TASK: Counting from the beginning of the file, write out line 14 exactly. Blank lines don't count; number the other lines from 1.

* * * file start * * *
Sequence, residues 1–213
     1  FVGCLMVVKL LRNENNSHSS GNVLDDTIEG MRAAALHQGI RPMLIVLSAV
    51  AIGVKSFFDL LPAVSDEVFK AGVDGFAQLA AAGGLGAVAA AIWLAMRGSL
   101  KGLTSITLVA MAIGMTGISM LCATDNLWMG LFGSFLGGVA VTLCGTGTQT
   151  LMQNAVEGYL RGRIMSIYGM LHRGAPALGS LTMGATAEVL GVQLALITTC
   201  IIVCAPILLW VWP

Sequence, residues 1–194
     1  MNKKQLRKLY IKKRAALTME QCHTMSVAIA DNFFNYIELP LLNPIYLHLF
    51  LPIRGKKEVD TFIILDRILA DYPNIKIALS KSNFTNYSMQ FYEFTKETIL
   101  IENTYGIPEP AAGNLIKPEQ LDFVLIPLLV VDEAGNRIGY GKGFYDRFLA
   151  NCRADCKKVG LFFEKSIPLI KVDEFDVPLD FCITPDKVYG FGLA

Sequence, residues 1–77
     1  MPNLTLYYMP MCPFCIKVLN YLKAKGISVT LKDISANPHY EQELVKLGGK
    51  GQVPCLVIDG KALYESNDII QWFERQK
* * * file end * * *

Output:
    51  GQVPCLVIDG KALYESNDII QWFERQK